Get Your Flu Vaccine — It’s More Important than Ever!


Katherine Merisotis/Bates College

Bates has shifted to a pooled testing process for their surveillance testing to prevent COVID spread on campus.

As Bates students begin to bundle up and prepare for the colder months ahead, Bates Health Services is preparing for the winter by holding this year’s flu vaccination clinic. 

The flu clinic will be held at the Underhill Arena COVID-19 testing center next week from Oct. 5-9. Students will be able to get their flu vaccines at the same time they get their COVID-19 test, without any additional appointment making.

Because Health Services is aware of both the busy schedule of students and the importance of flu vaccines as a public health measure, the 2020 flu clinic will be held for longer than last year’s clinic, which lasted for only two days. 

“We wanted to make it as convenient as possible for students to get their flu shot, so we decided to host it at the testing center, as students are already required to go there twice a week,” Brenna Callahan, the Student Health Support Coordinator and Specialist at Health Services, said. 

Getting a flu shot is more important than ever due to the COVID-19 pandemic. 

“While getting a flu shot is always important, it is particularly important this year given the ongoing effects of the COVID-19 pandemic on our healthcare systems and resources,” Callahan said. 

Public health experts and medical professionals are concerned about the influence a flu outbreak would have on medical resources and personnel, which are already in high demand due to the pandemic. A flu outbreak on campus could potentially put a strain on Bates Health Service’s resources as well. This strain on resources could inhibit the ability for in-person classes to continue in the case of a COVID-19 outbreak. 

Bates Health Services will hold its annual flu clinic next week in Underhill Arena, allowing students to get vaccinated and tested at the same place and time. (Bates College Website)

When planning for this year’s flu season, the CDC conducted  a study that looked at influenza data reported from the World Health Organization’s (WHO’s) FluNet platform from three different Southern Hemisphere countries. The  data collected was specifically centered on COVID-19’s effect on flu outbreaks. 

The Southern Hemisphere, which  already experienced their flu season back in March at the beginning of the COVID-19 pandemic, is used to help paint a picture of what our flu season will look like at its peak between December and February.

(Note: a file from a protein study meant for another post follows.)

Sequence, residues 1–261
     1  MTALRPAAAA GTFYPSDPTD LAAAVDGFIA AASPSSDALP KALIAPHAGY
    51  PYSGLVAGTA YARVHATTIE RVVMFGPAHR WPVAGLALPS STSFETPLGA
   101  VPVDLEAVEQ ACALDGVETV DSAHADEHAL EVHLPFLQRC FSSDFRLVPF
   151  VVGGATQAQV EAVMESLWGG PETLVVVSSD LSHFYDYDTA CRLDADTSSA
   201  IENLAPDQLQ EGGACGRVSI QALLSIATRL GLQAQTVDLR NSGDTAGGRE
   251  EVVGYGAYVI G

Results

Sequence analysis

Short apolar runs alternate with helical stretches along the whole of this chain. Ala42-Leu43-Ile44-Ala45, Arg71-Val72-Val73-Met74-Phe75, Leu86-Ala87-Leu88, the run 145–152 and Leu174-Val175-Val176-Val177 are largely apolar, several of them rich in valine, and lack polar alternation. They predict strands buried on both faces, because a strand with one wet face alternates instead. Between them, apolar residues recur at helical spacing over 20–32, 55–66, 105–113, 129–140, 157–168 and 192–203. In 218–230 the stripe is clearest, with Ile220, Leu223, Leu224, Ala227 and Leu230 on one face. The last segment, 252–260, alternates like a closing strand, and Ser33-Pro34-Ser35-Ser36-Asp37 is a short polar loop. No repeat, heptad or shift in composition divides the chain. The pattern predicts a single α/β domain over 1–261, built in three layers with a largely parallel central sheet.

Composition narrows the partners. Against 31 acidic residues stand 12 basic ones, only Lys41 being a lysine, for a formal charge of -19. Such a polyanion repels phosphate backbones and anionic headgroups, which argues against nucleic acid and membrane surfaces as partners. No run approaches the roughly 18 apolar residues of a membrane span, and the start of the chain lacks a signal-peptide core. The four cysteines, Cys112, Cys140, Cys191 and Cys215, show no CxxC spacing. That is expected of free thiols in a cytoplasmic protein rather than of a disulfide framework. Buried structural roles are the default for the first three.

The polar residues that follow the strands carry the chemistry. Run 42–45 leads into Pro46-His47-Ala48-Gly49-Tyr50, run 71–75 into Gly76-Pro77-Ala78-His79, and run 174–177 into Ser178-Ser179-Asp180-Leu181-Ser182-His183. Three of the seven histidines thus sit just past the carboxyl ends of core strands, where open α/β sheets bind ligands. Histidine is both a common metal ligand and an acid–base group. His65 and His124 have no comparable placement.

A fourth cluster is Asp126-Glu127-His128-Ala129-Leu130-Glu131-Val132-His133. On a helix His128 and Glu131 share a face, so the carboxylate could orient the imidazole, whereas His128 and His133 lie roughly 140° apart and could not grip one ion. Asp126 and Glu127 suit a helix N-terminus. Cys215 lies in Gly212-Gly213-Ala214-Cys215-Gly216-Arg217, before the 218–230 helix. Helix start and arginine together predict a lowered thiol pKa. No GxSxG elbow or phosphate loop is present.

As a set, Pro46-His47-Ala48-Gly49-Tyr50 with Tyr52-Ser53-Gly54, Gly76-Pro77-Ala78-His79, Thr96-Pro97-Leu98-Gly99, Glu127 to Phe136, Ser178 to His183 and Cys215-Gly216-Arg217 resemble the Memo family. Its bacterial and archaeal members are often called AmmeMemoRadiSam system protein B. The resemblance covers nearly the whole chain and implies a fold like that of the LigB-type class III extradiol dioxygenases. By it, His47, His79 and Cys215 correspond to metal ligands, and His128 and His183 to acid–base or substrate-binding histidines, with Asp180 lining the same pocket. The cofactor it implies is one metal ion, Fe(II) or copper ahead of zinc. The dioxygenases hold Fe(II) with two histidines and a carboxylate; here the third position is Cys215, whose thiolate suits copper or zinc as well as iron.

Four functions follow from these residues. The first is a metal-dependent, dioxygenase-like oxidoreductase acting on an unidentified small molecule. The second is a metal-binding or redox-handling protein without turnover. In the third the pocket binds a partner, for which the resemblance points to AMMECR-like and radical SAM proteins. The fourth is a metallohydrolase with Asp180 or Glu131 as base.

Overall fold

In the CDC’s  conclusions, only 0.06% of tests were positive for influenza between the months of April and July 2020, while in prior years they had been as high as 13.7%.  

As both the flu virus and the virus that causes COVID-19 (SARS-CoV-2) are airborne illnesses, similar hygiene and social distancing measures will reduce the effect the flu virus has on a population. The decrease in the number of positive cases this year is most likely attributed to the nationwide lockdowns that occurred during the months the flu virus was most active in the Southern Hemisphere. 

While the study found that  community mitigation measures are effective in reducing flu outbreaks, the CDC  still urges everyone six months and older to get vaccinated. 

“In light of the novelty of the COVID-19 pandemic and the uncertainty of community mitigation measures, it is important to plan for seasonal influenza circulation this fall and winter,” the CDC said in their conclusion. 

Based on these findings, social distancing measures on campus may reduce the number of flu cases this year. However, unlike the countries observed in the CDC’s study, the U.S. is no longer in lockdown. Social distancing measures are not as extreme as they were back in March and it is too early to tell how  current Bates public health policies will be able to mitigate the spread of the flu. 

Callahan recommends that Bates continue the social distancing practices implemented this fall as a means of preventing the spread of COVID-19 and the flu virus. “The ways we protect ourselves from the spread of COVID-19 – masking, keeping physical distance, and hand hygiene – are also strategies to prevent the spread of the flu,” Callahan said. 

Similar to COVID-19, the flu virus can affect some members of the community more than others. “Getting your flu shot is one thing we can each do to help to protect ourselves, others, and our full community,” Callahan stated. 

For those who are unable to get their flu shots at the testing center the week of Oct. 5, Health Services is offering  additional vaccination opportunities. To make an appointment, students can call Bates Health Services at (207)-786-6199 during business hours. 

It takes about two weeks after vaccination for antibodies to develop in the body and provide protection; getting a flu vaccination next week will allow for enough time before the height of the flu season for immunity to develop. 

The CDC recommends a new flu shot every year for two reasons. One, immunity from a vaccination declines over time, and two, because the flu virus is constantly changing. 

A new flu vaccine is developed every year based on the types, or strains, of viruses that are emerging for that season. The flu shot can both reduce the likelihood that you will get sick with the flu and the severity of your symptoms if you do get sick.